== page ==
With carte blanche to create the family’s dream home, Sophie and Jennifer set about creating a traditional aesthetic (which ties in the exterior architecture) with a clean, contemporary character. “Finding the right balance between the two styles was one of the biggest challenges for us,” says Sophie. But the timeless and trendy palette of black, white and grey used throughout the space helped unify it all. In the open-concept family room, dining area and kitchen, old-world touches like window casings, wall panelling and thick baseboards are tempered by sleek simple-lined furnishings and punched up by of-the-moment elements, such as herringbone tiles, brass hardware, Mid-Century Modern pieces and industrial light fixtures.
The designers also delivered all the practical features the homeowners sought: a quiet sitting room closed-off from the rest of the house, ample storage to accommodate all the kitchen gadgets and sports gear, a separate upstairs bathroom for the boys and a rec room and laundry room in the basement. In addition to the homeowners’ family-friendly requests, Sophie and Jennifer offered up another brilliant idea: to include an office nook in the family room so the kids would have a spot to complete their homework while remaining close to their parents. No doubt the homeowners will be thanking the designers for years to come – not only for delivering their dream home but also for anticipating needs they hadn’t considered. It goes to show how far the words “I trust you” can take you. That’s the best lesson we learned today.
The small sitting room of this Vancouver home is closed off from the rest of the open-concept living space. A retreat where the family reads or the adults entertain, it’s a spot for solitude in this otherwise ultra-active household.
“The homeowner is a really talented baker and cook. Her former kitchen was teeny tiny and cut off from the rest of the house, but she still came up with incredible creations,” raves designer Sophie Burke. In the sprawling new space, with its ample storage, second oven and magic corner (to name just a few highlights), we can only imagine the meals this home chef now creates! (Drool....)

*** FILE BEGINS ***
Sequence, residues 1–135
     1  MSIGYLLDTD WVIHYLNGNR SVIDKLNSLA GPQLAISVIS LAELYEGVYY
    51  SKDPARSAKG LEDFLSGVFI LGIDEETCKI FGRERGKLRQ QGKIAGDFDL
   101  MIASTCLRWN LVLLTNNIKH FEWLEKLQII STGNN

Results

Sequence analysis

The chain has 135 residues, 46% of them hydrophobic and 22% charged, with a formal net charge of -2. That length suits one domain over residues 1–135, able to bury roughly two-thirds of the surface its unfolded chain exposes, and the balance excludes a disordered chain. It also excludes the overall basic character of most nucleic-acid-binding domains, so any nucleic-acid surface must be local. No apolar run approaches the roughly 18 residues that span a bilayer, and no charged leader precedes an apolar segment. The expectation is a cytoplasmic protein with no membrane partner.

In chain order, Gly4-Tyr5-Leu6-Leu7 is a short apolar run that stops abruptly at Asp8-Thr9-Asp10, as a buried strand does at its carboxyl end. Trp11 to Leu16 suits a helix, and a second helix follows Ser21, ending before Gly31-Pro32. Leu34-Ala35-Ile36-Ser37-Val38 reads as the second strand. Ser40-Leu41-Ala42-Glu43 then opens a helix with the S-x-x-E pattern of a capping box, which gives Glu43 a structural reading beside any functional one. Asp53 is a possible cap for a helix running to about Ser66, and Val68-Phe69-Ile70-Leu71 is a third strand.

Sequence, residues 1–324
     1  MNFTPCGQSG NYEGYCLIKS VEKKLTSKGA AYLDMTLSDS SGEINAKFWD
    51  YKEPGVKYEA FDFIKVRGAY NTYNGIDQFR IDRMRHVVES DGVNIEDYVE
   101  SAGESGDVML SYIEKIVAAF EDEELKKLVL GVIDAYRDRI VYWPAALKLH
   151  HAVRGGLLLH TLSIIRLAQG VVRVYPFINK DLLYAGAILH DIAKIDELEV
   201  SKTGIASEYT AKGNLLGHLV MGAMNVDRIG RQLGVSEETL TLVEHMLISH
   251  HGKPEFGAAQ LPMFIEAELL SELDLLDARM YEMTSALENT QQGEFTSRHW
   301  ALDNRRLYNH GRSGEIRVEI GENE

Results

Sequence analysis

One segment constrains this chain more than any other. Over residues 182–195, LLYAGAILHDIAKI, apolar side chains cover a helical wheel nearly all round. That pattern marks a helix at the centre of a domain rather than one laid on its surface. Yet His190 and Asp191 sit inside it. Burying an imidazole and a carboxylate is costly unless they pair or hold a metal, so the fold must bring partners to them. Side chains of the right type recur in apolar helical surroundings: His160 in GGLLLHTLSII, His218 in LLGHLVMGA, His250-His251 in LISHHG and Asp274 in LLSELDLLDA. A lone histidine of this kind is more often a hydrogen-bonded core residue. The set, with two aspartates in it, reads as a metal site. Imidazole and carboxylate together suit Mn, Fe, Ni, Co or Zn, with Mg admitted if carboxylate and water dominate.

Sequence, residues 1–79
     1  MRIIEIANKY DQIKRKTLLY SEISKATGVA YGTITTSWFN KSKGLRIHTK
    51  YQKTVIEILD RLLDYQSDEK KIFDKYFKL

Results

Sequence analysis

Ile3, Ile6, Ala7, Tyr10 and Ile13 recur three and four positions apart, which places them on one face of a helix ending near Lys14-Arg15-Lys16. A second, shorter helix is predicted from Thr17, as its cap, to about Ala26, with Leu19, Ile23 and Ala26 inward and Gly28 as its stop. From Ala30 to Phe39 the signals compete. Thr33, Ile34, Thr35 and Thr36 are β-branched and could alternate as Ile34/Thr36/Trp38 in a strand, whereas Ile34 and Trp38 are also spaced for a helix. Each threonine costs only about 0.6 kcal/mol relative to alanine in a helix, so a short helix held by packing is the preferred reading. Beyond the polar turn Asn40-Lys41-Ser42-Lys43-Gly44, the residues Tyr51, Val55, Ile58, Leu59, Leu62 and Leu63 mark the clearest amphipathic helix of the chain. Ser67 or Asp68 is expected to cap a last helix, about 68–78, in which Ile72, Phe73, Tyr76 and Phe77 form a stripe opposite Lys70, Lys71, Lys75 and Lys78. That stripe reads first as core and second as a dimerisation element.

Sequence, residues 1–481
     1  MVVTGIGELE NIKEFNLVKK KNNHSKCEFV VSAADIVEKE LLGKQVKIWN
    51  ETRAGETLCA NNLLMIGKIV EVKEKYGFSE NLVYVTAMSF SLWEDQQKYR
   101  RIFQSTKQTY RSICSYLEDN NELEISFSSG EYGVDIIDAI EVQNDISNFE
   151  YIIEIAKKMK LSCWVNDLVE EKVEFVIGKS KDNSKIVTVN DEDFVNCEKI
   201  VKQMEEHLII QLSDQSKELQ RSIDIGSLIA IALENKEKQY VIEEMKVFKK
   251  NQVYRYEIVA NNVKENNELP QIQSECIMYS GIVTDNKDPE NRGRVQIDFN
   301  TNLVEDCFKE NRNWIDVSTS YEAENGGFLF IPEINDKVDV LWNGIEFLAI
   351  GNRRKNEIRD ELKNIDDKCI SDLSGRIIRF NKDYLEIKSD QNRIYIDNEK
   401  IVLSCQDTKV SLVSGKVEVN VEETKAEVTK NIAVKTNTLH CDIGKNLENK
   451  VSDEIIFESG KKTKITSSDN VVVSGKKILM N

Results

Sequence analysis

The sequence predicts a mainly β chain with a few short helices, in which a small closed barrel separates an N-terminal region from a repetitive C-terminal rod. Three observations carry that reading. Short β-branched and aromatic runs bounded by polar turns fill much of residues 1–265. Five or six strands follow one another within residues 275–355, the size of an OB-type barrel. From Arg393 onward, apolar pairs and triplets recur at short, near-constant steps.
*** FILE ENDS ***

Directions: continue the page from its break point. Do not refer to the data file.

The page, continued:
The kitchen’s herringbone-tiled walls offer a dramatic yet subtle look.The trendy pattern is grouted in grey for a more vintage vibe – a testament to the interplay of new world and old in the house.
The family didn’t need a formal dining room, but they did desire a large space for hosting holiday dinners. So Sophie and her colleague, Jennifer Millar, selected a dining table that can extend to seat 16 and stashed an extra pair of chairs in the boys’ rooms to accommodate more bums. The striking light fixture lends the perfect industrial edge to the panelled wall. “Jennifer is a genius at sourcing lighting,” says Sophie.
“We just went all in,” says Sophie of covering the main-floor powder room walls in chic gold polka-dot wallpaper. While the brass picture light and faucet follow suit, the simple mirror and sink temper all the glitz and glam.
With a cubby for each family member along one wall and meticulously laid-out closets on the other, the mud room is an ultra-organized treat for the active family.
The cozy family room, which has its own office area, is open to the kitchen so the homeowners can keep an eye on the kids, whether they’re doing homework or watching TV.
Grey paint not only modernizes the traditional panelled wall but also blends in with the TV.
Simple, serene and pared back, the master bedroom, with its layered textures and neutral hues, is one of the most feminine rooms in the house, says Sophie.
If a full-blown kitchen renovation isn’t in the budget, try these more manageable ideas to breathe new life into your kitchen.
Refacing cabinet doors might seem like an economical alternative to fully replacing cabinetry, but buyer beware – especially with older kitchens. “Often you have to replace the hinges as well, which can weaken the cabinet structure over time and lead to sagging,” says Robin. Instead, consider having your existing doors spray-painted. “It’s way better than painting with a brush, which can cause blobs and drips in the grooves of the door profile, and they’ll look like new.”